Cancún is a coastal city in the tourist destination called The Mexican Caribbean, i.e., the state of Quintana Roo, on Mexico’s Yucatan Peninsula. It is a popular vacation spot on the Caribbean coast. There are two possible meanings of Cancun, according to the Mayan language, the first translation is “nest of snakes or pot.” The second version and less accepted is “place of the gold snake”.
Peak season in Cancun tends to run from December to April. Prices in both airfare and hotel increase dramatically during these times, while dropping in the summer and early autumn months. Late June is especially hot, so come prepared or try the off season. Hurricanes can be a major threat in late summer and autumn
Downtown Cancun, especially once you get away from the ADO bus station and nearby hostels and hotels, is a real Mexican city. There are many restaurants (La Parrilla, Los Pericos, Los Arcos, El Timon de Cancun, Va que Va; all of them are really good restaurants, and the best much cheaper than Hotel Zone, and Mexican cousin), shopping centers (Plaza Las Americas, Plaza la Isla in Hotel Zone, Plaza Outlet), markets (Mercado 28 y 23) and clubs in the downtown area that you can visit during your stay (Cocobongo, Dady’O, Palazzo, Mandala).
Like most resort areas in the Caribbean, Cancun gets hit with a really severe hurricane every 10 to 20 years. The last really bad one was Hurricane Wilma in 2005, which obliterated many of Cancun’s famous beaches.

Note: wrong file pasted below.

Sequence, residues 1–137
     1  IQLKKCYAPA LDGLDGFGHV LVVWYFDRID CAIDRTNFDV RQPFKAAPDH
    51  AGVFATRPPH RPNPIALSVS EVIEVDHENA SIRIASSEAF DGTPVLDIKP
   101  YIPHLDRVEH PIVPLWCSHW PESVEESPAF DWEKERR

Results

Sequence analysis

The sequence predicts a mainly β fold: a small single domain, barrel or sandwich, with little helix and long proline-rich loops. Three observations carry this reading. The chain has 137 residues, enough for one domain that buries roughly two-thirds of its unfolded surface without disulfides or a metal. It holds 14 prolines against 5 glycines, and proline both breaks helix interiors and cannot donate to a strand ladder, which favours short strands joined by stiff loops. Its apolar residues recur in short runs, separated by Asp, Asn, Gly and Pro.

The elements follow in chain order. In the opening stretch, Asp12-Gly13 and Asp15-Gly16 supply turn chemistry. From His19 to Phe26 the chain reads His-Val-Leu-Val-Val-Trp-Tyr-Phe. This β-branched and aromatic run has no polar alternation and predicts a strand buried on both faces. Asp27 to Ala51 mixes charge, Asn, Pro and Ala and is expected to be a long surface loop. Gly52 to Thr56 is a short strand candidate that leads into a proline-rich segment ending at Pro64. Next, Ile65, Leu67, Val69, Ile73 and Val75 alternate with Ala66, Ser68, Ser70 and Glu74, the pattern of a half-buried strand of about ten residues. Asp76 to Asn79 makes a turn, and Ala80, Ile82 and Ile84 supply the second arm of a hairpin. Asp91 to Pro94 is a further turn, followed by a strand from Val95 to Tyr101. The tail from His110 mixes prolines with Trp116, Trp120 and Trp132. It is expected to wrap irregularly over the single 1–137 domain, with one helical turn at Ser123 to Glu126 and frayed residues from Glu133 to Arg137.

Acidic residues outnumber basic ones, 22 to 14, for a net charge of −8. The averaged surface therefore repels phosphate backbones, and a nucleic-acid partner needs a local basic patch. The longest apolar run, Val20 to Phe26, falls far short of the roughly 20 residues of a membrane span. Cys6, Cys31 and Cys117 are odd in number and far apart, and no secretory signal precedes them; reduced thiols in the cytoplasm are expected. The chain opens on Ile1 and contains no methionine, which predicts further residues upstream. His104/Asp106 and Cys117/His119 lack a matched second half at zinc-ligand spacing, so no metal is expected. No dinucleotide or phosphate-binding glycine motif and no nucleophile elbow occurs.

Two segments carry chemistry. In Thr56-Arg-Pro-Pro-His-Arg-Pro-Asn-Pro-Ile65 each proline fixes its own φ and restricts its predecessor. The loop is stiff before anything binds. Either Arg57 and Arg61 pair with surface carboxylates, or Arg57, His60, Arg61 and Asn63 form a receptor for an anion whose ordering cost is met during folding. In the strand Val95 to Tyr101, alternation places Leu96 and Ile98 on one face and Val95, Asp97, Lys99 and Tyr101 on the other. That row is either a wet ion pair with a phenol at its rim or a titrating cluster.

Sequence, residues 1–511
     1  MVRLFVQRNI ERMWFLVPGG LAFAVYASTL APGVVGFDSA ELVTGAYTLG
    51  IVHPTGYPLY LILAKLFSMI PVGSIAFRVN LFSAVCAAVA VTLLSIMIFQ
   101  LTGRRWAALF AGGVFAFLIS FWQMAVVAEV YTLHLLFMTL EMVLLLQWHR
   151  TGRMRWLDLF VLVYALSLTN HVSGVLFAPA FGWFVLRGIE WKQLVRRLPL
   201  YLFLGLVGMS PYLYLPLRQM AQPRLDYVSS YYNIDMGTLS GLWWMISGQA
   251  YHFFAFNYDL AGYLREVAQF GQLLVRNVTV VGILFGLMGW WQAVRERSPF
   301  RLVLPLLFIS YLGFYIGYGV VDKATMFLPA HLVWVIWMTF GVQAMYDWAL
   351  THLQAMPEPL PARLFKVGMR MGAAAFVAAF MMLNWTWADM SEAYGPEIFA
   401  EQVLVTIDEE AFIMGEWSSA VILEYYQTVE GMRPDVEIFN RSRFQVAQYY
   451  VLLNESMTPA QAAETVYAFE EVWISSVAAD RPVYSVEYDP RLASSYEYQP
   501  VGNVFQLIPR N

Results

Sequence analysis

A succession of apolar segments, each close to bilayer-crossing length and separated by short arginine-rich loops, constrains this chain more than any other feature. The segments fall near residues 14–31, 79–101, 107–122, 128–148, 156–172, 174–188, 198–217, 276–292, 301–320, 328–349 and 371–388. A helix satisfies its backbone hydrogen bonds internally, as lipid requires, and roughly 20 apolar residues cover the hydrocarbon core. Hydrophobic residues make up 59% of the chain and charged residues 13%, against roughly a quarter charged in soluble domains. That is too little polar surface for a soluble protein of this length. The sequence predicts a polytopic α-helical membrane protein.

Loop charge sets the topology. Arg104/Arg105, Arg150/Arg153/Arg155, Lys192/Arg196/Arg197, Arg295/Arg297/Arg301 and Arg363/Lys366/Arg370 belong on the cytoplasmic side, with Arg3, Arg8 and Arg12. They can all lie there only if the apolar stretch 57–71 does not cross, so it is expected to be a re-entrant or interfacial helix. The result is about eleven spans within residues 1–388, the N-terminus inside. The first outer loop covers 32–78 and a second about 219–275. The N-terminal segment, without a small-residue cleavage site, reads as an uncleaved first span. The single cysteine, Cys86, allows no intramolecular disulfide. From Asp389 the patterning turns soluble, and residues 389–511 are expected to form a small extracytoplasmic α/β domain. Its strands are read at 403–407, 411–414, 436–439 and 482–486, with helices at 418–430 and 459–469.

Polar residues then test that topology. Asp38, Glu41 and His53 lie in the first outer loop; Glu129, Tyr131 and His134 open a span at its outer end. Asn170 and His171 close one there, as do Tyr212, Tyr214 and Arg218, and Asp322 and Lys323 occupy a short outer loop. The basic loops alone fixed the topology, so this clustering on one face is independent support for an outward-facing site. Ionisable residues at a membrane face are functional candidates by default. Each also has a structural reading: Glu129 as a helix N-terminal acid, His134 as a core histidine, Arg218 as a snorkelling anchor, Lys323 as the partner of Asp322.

Thousands of hapless tourists spent their precious vacations jammed into hurricane shelters waiting for Wilma to pass, then waited days in the humid tropical heat (with no air conditioning) for transport home.
As a result, from 2005 to 2008, most of Cancun’s tourist traffic went to Cabo San Lucas (triggering a massive construction boom there) while Cancun painstakingly rebuilt its resorts and dredged the ocean to bring the white sand back to its beaches.
The moral of this story is to buy really good trip insurance if your trip is scheduled during hurricane season, have a backup vacation (or staycation) plan, and cancel promptly if a hurricane is forecast the week before your trip.